Edibles Don’t Get Recalled … Do They?
Updated: Nov 26, 2018
Food recalls are serious business, for both the consumers who may have purchased a contaminated product and the business that is facing the financial and reputational impacts of recalling product.
We’ve all heard about various food recalls – whether it be that of romaine lettuce or peanut products or a fast food menu item. But as an edibles producer, do you really have to worry about recalls? Have there been any?
Unfortunately, the answer to that is a resounding YES!
The greatest contaminant for edibles recalls is the use and residues of unauthorized pesticides, but edibles producers also have faced recalls for mold and fungus, non-food-grade ingredients, and production without health department approval.
In fact, according to a list published and regularly updated by The Cannabist, Colorado alone has had 16 recalls for contamination since the beginning of 2017. While this includes all cannabis products, it is fairly safe to assume that a pesticide contamination took place in the growing process and would impact any further downstream producer using that lot. However, recalls have been caused by other issues too.
Let’s take a look at some of the edibles recalls:
In Illinois, medical marijuana gummies were recalled from dispensaries due to what appeared to be mold. The company’s internal investigation found that a new type of packaging allowed moisture into the gummy multi-packs. (Chicago Tribune)
In Colorado, a producer recalled six of its products, including mints and chocolate bars, due to use of non-food-grade essential oils. In its press release on the recall, the company stated that it was reviewing potential misrepresentations by the ingredient supplier as to the intended uses for their essential oil products. (Westword)
A Denver-based manufacturer recalled more than 100,000 suckers, lozenges and powdered candy determined to have been derived from contaminated plant material purchased from two cultivation facilities in Denver. The products were determined to have residual levels of Imidacloprid and Myclobutanil, neither of which is approved for use on marijuana in Colorado. (KDVR)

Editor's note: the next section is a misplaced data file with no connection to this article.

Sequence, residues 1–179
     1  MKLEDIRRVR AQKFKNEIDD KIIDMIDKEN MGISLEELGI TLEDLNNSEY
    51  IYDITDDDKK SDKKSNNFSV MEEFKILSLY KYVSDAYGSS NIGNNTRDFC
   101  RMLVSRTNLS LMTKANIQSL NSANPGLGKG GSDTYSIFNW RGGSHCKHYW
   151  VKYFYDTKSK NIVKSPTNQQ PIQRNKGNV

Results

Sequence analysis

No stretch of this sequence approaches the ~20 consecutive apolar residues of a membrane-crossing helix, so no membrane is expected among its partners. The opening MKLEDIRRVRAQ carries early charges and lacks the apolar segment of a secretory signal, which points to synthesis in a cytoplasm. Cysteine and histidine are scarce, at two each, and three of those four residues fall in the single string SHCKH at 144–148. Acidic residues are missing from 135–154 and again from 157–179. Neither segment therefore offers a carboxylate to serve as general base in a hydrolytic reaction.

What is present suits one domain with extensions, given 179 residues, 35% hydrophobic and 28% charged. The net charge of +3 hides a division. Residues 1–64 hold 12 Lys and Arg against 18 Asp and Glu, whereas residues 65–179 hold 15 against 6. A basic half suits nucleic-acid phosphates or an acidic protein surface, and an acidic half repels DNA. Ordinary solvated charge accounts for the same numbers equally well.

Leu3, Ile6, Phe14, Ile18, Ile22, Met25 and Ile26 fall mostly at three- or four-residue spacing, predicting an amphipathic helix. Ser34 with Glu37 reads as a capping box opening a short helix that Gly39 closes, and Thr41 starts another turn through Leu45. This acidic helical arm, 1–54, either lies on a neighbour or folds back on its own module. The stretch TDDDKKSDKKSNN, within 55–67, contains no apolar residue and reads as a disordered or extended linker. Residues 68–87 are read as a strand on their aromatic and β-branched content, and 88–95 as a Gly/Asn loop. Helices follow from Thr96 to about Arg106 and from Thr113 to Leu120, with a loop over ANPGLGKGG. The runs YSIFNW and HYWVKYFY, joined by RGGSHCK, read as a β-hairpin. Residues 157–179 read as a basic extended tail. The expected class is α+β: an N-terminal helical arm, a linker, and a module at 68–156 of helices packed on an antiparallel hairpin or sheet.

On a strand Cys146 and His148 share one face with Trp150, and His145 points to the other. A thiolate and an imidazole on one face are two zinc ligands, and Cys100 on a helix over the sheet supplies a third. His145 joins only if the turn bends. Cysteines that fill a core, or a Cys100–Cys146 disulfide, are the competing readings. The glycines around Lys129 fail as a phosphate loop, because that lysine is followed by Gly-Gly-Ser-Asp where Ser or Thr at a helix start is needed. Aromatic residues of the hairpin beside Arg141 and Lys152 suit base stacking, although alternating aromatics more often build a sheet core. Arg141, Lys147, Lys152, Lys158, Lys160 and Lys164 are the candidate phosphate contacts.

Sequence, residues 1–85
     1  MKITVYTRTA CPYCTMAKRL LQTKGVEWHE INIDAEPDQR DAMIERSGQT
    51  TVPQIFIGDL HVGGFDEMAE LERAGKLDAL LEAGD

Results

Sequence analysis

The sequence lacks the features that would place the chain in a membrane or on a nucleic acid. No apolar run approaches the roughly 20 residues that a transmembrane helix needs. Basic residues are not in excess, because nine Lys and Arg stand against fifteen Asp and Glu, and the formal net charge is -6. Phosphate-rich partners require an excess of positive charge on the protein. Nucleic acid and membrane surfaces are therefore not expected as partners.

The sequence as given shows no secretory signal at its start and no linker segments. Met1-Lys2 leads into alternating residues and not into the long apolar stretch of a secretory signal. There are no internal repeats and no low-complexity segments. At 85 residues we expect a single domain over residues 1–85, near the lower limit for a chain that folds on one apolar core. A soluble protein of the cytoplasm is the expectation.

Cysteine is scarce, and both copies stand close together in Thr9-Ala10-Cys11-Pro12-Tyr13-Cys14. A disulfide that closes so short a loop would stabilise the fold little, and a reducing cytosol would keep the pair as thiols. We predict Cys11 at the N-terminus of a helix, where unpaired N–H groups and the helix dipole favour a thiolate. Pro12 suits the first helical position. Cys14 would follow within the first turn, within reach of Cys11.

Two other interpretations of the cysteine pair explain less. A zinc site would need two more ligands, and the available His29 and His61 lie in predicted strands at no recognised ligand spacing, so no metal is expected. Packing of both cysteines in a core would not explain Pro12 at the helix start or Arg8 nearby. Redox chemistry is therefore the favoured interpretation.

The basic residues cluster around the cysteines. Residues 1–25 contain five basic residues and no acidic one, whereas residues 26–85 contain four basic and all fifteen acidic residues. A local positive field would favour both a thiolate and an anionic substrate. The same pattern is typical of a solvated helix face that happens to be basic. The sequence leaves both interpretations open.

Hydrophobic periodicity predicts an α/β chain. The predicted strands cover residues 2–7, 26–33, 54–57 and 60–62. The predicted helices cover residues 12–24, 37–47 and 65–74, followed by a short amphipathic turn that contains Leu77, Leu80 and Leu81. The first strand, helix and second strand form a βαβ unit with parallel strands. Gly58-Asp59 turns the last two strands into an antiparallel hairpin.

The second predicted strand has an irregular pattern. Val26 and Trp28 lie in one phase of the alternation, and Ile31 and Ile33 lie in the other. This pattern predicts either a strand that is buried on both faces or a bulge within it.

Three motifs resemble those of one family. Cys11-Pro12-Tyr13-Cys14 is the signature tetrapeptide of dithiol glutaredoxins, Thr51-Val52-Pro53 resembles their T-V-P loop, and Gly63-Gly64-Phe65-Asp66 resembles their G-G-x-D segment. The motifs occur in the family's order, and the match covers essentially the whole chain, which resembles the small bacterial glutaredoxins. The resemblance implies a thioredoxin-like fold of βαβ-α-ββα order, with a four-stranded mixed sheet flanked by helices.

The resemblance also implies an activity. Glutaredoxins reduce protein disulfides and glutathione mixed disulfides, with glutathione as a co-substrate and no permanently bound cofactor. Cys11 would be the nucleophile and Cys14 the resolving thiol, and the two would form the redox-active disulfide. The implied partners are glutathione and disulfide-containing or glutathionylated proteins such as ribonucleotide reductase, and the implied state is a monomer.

In California, a cannabis-infused beverage was recalled for the presence of ethyl alcohol. The company’s use of an ethyl-alcohol-based flavoring caused the drinks to have an alcohol content above that allowed by state law. What is of further interest in this incident is that the beverage had passed a previous test, but after the state introduced more stringent testing standards, the lab reissued results with a failing grade. (MJ Biz Daily)
And, finally, in Arizona, a routine state inspection of a dispensary kitchen revealed the production of four new food products that the producer had not cleared with the Health District. The kitchen had been approved for confectionery items, but was also producing condiments such as cannabis-infused ketchup and hot sauce. (Journal of Environmental Health)
While there were no reported illnesses occurring from any of these, other producers have faced some very serious repercussions, such as the Colorado company being sued for alleged use of the fungicide myclobutanil on marijuana they purchased. One of the two filing the lawsuit is a medical card holder with a brain tumor. (Denver Post)
And back in California, after two young cancer patients were found to have a rare but lethal fungal infection that killed one of them, scientists began a study of medical marijuana samples from across the state. They found that 90% of the 20 samples studied were contaminated with bacteria and fungi, including Klebsiella, E. coli, Pseudomonas, Acinetobacter. (CBS San Francisco)
It also should be of interest to all edibles producers that in the Arizona case cited above, that in addition to not having tested the foods, the inspectors noted that the dispensary had not developed a hazard analysis and critical control points (HACCP) plan.
Do you have a HACCP plan? Do you know how to develop a HACCP plan? Having been a foundational food safety program of the food industry for decades, HACCP is one of the surest ways to analyze the potential hazards of your process and protect your products, your customers, and your brand image.
HashTAG can help! We work with clients regularly to assess their current food safety programs and help determine any critical gaps. We also can provide assistance in the development of a Cannabis Hazard Analysis and Critical Control Points (CHACCP) program as well - along with other key consulting services to help you mitigate risks and protect your brand. Contact us today.
Led by Dr. David Acheson, HashTAG is part of The Acheson Group (TAG), a food safety consulting group that provides guidance and expertise worldwide for companies throughout the food supply chain. With a focus on the Cannabis Edibles Industry, the HashTAG team brings in-depth industry knowledge combined with real-world experience to help companies more effectively mitigate risk, improve operational efficiencies, and ensure regulatory and standards compliance. To learn more about HashTAG food safety consulting services and expertise, please visit: www.HashTAG.global